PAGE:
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Neuro-Ophthalmology News

A “Second Career”

Kline, Lanning B. MD

Editor(s): Digre, Kathleen B. MD

Author Information
Journal of Neuro-Ophthalmology: September 2012 - Volume 32 - Issue 3 - p 294
doi: 10.1097/WNO.0b013e31825bd9df
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In November 2011, Riri Sylvia Manor, MD, was awarded the Safran Medal (Fig. 1) and Prize for her resourceful efforts in bringing Romanian and Israeli cultural ties closer together. The award was given to Dr. Manor for her translation into Hebrew of a remarkable collection of poems by outstanding Romanian poets in the publication Moznaim.

FIG. 1:
The Safran Medal.

Dr. Manor was born in Romania and, as a child during World War II, she frequently heard her parents speak of the Chief Rabbi of Romania, Dr. Alexandru Safran, and his remarkable efforts with the royal family to convince the authorities to spare the lives of hundreds of thousands of Romanian Jews.

After completion of medical school in Bucharest, Romania, and ophthalmology training in Israel, Dr. Manor completed a fellowship with William Hoyt, MD, in San Francisco, California. Returning to the Sackler School of Medicine in Tel Aviv, she established the first Neuro-Ophthalmology Unit in Israel at the Beilinson Hospital. In addition, she founded the Israeli Neuro-Ophthalmology Society, and throughout her career, she has made significant contributions to the neuro-ophthalmic literature.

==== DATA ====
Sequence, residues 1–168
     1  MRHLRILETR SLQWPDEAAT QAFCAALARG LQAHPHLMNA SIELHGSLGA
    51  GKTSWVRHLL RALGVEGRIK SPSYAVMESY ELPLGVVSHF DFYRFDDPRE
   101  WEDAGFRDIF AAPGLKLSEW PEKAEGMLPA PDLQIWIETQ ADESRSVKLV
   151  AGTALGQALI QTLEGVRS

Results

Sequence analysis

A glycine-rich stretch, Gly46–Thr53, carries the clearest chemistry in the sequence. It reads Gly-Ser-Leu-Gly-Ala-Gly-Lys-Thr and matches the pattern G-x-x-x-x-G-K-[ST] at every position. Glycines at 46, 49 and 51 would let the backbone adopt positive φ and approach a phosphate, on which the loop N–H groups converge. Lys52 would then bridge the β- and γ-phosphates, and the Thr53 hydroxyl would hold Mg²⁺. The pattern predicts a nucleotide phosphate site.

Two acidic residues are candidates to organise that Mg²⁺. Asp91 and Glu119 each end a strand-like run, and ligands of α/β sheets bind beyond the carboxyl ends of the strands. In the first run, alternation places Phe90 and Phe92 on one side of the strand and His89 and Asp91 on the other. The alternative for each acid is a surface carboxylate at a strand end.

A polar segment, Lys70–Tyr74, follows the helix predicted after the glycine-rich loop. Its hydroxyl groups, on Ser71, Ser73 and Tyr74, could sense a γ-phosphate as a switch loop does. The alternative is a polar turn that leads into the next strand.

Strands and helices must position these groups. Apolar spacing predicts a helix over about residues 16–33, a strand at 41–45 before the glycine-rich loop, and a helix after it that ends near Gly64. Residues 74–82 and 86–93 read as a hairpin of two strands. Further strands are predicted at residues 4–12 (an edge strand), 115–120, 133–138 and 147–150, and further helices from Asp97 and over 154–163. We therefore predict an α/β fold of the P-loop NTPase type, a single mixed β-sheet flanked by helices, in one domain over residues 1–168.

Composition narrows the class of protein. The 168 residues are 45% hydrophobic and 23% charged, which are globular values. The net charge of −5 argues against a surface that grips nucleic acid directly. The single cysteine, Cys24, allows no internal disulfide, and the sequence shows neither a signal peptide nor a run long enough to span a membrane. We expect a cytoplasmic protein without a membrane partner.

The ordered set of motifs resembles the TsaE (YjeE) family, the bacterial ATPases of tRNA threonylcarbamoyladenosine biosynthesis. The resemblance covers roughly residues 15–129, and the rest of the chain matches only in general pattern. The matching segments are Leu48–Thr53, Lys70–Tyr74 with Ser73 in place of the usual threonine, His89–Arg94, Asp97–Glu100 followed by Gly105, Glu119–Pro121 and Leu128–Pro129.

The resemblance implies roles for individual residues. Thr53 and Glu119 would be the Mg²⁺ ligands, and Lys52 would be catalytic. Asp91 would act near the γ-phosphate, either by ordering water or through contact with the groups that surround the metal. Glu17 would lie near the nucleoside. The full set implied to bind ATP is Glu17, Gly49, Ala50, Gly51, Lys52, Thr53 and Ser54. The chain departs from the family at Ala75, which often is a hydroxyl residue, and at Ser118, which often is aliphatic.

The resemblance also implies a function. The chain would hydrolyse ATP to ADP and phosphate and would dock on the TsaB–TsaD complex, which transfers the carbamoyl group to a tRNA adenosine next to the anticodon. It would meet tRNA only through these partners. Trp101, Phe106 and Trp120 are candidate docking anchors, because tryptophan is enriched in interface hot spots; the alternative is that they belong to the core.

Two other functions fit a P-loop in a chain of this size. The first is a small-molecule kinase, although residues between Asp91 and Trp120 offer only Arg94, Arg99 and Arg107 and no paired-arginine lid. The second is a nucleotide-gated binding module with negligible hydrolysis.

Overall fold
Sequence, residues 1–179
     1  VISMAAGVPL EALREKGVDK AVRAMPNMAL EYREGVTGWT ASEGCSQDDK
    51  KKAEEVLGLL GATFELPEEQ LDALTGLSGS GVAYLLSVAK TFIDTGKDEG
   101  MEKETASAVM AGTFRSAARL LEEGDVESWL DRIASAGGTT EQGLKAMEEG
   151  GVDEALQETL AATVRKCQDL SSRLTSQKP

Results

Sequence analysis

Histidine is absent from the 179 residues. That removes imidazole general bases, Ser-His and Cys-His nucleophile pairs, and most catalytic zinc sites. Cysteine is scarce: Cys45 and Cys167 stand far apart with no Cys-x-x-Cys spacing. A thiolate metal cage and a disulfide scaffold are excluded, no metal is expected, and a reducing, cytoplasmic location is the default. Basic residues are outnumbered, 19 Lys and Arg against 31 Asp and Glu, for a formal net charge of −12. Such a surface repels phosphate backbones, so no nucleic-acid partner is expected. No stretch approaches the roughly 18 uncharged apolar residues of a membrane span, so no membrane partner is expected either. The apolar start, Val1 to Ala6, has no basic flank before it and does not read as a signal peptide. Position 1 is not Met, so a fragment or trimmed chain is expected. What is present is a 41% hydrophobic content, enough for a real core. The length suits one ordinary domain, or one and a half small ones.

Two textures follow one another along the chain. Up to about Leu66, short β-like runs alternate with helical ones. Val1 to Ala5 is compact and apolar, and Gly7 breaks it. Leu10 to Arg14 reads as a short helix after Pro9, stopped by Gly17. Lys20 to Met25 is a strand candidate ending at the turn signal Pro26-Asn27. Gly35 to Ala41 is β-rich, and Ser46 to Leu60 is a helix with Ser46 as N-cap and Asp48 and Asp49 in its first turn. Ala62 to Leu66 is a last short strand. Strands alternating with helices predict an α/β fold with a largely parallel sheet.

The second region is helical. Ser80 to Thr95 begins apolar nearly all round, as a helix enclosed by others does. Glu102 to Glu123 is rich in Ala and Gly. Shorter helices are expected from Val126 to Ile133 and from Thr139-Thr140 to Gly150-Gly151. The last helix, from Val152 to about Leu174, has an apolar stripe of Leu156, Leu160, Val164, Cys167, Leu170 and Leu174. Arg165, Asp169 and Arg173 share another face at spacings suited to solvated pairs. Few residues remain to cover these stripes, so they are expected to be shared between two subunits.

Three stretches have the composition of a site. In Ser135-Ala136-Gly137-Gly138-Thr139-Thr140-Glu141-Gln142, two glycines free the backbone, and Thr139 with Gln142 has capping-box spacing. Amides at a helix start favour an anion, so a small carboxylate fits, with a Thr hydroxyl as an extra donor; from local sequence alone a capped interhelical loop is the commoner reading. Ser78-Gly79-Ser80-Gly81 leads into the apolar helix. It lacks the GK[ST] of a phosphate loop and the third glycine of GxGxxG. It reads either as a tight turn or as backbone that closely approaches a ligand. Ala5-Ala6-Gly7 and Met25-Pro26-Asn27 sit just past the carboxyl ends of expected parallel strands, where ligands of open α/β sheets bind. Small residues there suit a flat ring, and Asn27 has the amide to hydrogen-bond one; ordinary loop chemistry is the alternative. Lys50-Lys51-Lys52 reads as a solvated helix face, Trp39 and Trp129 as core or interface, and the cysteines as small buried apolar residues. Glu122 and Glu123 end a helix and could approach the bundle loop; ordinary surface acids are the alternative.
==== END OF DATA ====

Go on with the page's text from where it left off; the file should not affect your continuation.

But Dr. Manor also has a passion for poetry, and she continued to nurture this “second career” as well. Her writings became widely published, and one poem, “In Vain I Am a Doctor,” appeared in the Journal of Clinical Neuro-Ophthalmology in 1993.

With the rise of Communism in Eastern Europe, Rabbi Safran was forced to flee Romania in 1947 with his wife and 2 children. He became the Chief Rabbi of Geneva until his death in 2006. His son, Avinoam Safran, completed his medical school and ophthalmology training in Geneva, followed by a fellowship in neuro-ophthalmology with Joel Glaser, MD, in Miami, Florida. He ultimately became Chair of the Department of Ophthalmology at the University of Geneva School of Medicine.

And so Dr. Manor's “second career” as a poet, and her achievements recognized with the Safran Medal and Prize, is significant on many levels. Her very survival was to a large extent the result of the humanitarian efforts of Rabbi Safran, and the medical career she pursued is one in which Rabbi Safran's son excels. The Manor–Safran legacy is now linked in perpetuity.

© 2012 Lippincott Williams & Wilkins, Inc.